Wednesday, July 6, 2011

HJ4W 6 Tests, Allies, and Enemies

Writing Wednesday - The Hero's Journey for Writers

There is a great Sid Harris cartoon that, while it says a lot about science and scientists, also says something profound about middles--both how difficult they are and how, particularly in narratives, we like to skip ahead to the good bits.

Sid Harris, Science Cartoons Plus
With the montage, films have a powerful idiom that conveys the fact that the characters have been occupied for some period of time without boring the audience by showing a sampling of the highlights or representative moments of those activities.

In the sixth phase of the hero's journey, Test, Allies, and Enemies, "the hero is tested and sorts out allegiances in the Special World."*

In Star Wars (Episode IV), for example, Luke finds allies in the cantina, tests his skills on the way to Alderaan, and meets his enemies on the Death Star. Of course, even that narrative is more complex because that sequence can be seen as a series of tests and training to prepare Luke for the final confrontation. The important observation in terms of the hero's journey is that Luke starts as a farm boy very much out of his element and ends, as they battle the Tie fighters before they can make good their escape, as a budding hero (who still needs to be reminded not to get cocky).

Unfortunately, life and narrative diverge because in real journeys this phase is the part that takes most of the time. We have to live through all the moments that end up on the cutting room floor when the editor makes the montage.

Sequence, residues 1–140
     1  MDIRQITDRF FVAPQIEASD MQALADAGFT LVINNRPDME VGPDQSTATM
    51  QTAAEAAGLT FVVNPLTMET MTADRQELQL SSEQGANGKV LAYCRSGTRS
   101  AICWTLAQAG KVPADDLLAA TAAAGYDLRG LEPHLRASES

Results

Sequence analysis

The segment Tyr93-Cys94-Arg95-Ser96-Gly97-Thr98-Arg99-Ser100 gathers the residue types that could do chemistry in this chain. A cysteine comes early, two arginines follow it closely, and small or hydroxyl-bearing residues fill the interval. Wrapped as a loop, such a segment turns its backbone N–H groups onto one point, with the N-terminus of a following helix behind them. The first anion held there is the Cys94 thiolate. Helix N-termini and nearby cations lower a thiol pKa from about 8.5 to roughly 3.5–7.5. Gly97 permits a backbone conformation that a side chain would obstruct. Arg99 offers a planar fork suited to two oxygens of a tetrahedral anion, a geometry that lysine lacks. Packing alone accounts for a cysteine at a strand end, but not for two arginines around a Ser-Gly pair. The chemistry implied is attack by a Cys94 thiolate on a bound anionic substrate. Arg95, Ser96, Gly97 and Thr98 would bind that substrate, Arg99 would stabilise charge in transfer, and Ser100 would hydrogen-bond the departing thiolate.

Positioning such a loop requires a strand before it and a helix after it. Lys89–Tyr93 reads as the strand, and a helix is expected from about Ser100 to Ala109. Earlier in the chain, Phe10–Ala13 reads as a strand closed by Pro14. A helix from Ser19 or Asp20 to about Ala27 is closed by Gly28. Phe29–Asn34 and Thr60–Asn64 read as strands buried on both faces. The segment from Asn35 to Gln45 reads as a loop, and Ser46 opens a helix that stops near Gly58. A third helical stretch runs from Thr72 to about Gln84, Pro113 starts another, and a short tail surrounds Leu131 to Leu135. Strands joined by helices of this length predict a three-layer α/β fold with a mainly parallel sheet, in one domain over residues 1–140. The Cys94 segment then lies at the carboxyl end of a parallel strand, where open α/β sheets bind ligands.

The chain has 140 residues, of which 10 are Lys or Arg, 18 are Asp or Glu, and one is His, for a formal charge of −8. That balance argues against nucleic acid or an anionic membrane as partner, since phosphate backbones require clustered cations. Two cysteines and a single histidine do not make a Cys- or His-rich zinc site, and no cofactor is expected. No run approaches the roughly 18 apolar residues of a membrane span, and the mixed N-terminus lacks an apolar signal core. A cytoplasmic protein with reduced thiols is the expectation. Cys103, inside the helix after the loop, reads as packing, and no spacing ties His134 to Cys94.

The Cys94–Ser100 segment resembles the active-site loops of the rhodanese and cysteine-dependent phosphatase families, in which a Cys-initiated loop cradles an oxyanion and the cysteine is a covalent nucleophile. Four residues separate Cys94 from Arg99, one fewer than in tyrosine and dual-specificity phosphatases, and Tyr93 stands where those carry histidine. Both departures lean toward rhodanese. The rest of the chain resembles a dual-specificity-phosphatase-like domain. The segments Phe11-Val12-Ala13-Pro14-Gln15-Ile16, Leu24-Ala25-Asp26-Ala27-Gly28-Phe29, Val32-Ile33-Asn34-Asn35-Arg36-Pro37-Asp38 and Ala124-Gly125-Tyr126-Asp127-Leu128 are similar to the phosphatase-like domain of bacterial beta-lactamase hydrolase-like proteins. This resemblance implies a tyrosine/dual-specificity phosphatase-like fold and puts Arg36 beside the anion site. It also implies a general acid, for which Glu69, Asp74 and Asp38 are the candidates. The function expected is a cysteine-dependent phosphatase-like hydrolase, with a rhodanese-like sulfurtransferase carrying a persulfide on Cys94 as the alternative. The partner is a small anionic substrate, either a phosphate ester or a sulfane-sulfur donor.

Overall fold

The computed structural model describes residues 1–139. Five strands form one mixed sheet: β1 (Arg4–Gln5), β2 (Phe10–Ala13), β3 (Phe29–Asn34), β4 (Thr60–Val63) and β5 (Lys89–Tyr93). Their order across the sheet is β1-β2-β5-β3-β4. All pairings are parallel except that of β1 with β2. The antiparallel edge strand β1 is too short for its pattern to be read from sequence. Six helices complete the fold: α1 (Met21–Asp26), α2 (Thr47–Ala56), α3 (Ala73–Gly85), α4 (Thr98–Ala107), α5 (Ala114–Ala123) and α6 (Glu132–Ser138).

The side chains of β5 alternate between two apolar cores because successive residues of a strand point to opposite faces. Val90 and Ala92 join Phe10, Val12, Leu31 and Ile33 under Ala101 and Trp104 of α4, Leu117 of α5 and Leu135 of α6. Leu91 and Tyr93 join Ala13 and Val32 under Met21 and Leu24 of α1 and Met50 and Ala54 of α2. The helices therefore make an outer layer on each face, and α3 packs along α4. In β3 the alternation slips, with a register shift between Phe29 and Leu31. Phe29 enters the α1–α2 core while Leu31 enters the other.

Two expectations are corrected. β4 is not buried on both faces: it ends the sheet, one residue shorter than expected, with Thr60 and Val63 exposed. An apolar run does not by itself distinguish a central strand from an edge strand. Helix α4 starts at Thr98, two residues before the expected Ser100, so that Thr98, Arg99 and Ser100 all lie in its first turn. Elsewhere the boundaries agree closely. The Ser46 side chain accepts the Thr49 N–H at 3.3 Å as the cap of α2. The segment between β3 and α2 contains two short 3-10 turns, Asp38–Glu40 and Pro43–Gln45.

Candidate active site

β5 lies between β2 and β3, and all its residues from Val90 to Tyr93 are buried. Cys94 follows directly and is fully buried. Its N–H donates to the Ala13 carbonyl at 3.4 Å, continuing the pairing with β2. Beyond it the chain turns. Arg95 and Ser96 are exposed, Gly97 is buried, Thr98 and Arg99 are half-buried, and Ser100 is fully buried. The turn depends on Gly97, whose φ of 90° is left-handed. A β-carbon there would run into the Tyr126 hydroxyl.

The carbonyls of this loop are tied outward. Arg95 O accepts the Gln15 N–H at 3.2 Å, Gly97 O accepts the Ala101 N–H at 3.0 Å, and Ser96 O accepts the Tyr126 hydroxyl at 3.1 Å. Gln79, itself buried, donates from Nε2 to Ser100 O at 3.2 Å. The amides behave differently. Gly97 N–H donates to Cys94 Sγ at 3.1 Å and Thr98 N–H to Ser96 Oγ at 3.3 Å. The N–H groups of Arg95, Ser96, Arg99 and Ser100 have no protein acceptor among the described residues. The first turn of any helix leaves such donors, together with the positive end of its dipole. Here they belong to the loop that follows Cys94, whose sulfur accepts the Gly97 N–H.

That's not to say that the phase of tests, allies, and enemies is something tedious we must endure. It is, in fact, the substance of what we learn and how we transform ourselves on the journey.

As writers, this is the time when we actually produce a draft. Our skills as wordsmiths and storytellers are tested, we find allies--whether figurative or literal--that help us write, and enemies that block us.

And most importantly, unlike our protagonists who only have to go through the narrative highlights, we need patience and faith to do the all the actual hard work of passing the tests, developing our skills, finding allies, and identifying enemies required to produce a manuscript.

* Kim Hudson, The Virgin's Promise

Image: Simon Howden /


  1. I LOVE that cartoon. That's the editorial letter in a nutshell.
    Thank you.

  2. Amen.

    Sid Harris touched either genius or a vein when he came up with that cartoon. I've found applications for it all sorts of projects.


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